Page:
I wish I had, and feel I may have once, written this letter to Andrew Sullivan regarding the position liberals have found themselves in these past six years, angry at what Bush Etc. has done but unable to be taken seriously. Perhaps tarnished by extremists that became the face of the Left to some (incorrectly), but still correct then and now in as to what has become the Iraq War debacle. Sullivan does finally admit now what has been apparent for quite some time, that the betrayal of the Left and Right are no less of each other:
But many, many others on the left were right about these people in power; and I was wrong. I threw some smug invective their way and, in retrospect, I am ashamed of it. Sure, I recognized my error before the last election, but that doesn’t excuse it. Sure, some of it was just misunderstanding each other, in a climate of great fear, and some of it was just my arrogance that I was right. But that doesn’t excuse it all either.
I have not read Andrew’s book yet, but plan on it when I can once again afford something so luxurious as a new book. But even as I have struggled to understand someone so seemingly naive at times about these politicians who have brought this country to its current depths (in Iraq and in general), I still have read his blog regularly and respect his slow, lumbering turn-around to the good side.
His battles with religion and politics are fascinating to me because they don’t make any sense. That’s why he wrote a book, I would assume without having read it, to reclaim these parts that don’t fit right with each other: the Catholic church and Conservatism; Conservatism and homosexuality; homosexuality and the Catholic church. Talk about square pegs…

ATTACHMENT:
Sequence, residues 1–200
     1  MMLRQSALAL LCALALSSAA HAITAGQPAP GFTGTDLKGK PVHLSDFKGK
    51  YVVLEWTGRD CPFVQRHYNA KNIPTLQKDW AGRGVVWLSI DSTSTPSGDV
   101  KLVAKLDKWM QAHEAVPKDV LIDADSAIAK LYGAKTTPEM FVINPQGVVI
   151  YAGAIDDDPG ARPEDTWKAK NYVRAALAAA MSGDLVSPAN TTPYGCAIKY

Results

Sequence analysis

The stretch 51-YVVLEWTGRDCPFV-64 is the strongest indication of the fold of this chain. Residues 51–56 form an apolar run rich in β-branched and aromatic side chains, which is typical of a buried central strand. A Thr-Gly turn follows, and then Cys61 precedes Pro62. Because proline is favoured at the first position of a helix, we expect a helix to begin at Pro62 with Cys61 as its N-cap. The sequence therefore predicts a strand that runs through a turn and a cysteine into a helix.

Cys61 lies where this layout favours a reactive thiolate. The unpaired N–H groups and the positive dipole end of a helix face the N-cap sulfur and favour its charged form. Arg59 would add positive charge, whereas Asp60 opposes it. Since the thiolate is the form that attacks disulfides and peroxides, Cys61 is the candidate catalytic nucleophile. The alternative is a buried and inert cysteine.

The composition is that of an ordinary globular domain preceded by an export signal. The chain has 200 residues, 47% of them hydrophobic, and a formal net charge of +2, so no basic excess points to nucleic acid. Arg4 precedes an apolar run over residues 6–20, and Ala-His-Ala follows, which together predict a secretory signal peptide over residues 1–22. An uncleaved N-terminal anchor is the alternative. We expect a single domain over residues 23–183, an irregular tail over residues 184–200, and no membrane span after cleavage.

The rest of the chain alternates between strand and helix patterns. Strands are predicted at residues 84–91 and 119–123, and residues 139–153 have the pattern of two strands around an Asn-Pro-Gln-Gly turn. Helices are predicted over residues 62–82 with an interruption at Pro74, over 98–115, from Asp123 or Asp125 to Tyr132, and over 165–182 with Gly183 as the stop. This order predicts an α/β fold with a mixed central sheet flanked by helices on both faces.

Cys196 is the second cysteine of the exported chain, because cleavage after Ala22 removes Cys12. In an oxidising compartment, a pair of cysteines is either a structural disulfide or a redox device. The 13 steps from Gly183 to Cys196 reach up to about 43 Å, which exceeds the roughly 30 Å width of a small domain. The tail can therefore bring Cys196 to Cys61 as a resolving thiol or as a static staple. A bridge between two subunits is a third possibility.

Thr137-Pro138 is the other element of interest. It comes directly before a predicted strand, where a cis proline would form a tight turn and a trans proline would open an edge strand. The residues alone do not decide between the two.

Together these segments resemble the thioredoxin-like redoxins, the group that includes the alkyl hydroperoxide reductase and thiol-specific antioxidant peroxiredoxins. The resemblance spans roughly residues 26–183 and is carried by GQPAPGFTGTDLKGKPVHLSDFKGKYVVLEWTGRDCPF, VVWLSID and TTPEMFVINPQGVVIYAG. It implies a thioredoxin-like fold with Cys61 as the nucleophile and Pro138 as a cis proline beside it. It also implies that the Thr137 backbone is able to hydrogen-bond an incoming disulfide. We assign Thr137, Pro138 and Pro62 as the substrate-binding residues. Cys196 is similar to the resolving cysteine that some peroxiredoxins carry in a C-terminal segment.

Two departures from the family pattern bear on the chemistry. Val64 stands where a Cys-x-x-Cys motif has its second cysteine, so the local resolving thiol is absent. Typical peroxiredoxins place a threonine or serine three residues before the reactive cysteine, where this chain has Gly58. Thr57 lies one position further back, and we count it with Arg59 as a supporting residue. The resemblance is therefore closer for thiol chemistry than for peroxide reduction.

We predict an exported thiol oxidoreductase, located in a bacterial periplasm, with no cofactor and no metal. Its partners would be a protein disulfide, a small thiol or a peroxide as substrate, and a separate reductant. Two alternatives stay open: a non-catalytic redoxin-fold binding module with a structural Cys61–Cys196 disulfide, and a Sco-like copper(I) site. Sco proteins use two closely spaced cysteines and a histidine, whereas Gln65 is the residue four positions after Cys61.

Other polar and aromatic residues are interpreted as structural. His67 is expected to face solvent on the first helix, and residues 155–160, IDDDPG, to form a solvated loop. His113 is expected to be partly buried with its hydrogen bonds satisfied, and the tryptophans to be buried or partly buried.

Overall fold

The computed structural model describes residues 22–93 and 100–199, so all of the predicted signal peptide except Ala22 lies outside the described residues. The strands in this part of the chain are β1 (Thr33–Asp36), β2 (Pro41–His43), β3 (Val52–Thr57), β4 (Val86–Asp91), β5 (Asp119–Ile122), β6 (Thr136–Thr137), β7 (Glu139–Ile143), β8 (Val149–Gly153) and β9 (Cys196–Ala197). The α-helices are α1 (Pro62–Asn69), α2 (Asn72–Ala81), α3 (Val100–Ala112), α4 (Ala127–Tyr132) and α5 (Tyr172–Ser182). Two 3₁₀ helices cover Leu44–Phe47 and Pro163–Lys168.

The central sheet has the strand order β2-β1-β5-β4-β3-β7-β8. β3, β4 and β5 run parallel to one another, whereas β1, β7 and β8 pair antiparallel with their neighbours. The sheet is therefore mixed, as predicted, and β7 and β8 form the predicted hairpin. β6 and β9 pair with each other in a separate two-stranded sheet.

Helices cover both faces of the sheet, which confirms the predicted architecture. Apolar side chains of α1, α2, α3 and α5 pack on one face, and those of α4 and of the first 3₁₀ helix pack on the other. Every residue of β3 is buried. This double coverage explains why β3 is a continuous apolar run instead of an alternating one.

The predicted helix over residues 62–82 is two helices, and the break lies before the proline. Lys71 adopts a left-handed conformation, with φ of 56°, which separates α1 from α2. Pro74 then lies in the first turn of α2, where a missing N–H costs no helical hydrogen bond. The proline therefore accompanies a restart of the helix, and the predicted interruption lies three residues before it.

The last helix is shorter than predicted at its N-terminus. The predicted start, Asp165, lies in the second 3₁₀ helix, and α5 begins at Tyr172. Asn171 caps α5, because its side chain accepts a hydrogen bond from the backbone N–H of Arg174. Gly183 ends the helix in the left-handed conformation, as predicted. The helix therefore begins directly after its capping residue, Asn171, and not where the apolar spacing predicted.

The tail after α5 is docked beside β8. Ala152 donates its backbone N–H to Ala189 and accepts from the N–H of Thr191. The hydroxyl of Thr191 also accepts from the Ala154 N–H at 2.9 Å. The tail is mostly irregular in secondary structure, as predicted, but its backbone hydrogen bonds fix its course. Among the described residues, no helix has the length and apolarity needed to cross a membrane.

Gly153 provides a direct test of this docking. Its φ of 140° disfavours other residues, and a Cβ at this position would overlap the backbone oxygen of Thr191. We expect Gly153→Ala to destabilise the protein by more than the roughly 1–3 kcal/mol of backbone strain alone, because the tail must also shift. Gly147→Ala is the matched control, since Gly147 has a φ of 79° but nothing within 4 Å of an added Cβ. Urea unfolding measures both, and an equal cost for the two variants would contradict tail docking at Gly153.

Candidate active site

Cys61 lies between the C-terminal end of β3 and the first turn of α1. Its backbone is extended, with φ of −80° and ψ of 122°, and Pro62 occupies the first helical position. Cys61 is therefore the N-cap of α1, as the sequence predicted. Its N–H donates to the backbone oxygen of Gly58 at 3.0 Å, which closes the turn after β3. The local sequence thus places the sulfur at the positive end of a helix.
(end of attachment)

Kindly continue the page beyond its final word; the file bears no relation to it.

But he insists and implores, and so I certainly have no problem with that. I just wish people could maintain calm and perspective instead of jumping to instant conclusions, as the American Right did with the WMD claims. It was obvious from listening to smarter men like Hans Blix that this was all a farce, and yet so many were ready to believe, and so easy to mislead. They were all wrong. Now, as the dead U.S. soldiers nearly equals the dead on 9/11, they are still wrong. Everyone should be mad. But for some reason the anger of the liberal is reduced to an issue of patriotism instead of being given its proper venting. As Sullivan’s reader puts it:
Do I blame you for being mad? Not a bit. But keep in mind that those of us on the left who saw this coming – and saw a hundred other issues coming, from abrogation of the wall between church and state to the ballooning deficit – we have spent the last five years being called every ugly, vicious name in the book because we tried to stop this, because we tried to warn the American people: haters, traitors, pussies, weenies, liars, partisans, hacks, wacks, radicals, commies, atheists, morally confused, mentally challenged and anything, anything except patriots who love this country and everything it stands for – or ought to stand for.